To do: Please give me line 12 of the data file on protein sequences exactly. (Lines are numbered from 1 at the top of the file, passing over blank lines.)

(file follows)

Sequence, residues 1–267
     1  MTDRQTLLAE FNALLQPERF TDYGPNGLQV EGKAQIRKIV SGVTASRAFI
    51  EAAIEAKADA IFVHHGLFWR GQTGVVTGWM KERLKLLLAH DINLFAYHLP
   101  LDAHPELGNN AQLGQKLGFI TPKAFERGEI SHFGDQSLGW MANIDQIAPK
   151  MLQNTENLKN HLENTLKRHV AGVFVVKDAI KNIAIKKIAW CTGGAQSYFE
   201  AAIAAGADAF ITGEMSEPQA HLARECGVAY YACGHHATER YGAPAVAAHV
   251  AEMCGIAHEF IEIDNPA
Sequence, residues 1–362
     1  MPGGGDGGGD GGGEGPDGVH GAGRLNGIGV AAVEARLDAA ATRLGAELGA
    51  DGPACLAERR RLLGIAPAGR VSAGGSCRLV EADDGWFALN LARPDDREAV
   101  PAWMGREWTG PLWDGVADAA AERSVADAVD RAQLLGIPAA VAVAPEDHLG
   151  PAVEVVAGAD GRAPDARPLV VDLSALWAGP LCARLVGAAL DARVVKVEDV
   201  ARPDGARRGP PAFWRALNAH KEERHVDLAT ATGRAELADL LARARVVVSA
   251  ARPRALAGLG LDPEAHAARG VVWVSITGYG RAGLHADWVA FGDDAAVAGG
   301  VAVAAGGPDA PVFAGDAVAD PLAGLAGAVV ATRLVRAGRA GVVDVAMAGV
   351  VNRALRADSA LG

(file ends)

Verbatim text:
   151  PAVEVVAGAD GRAPDARPLV VDLSALWAGP LCARLVGAAL DARVVKVEDV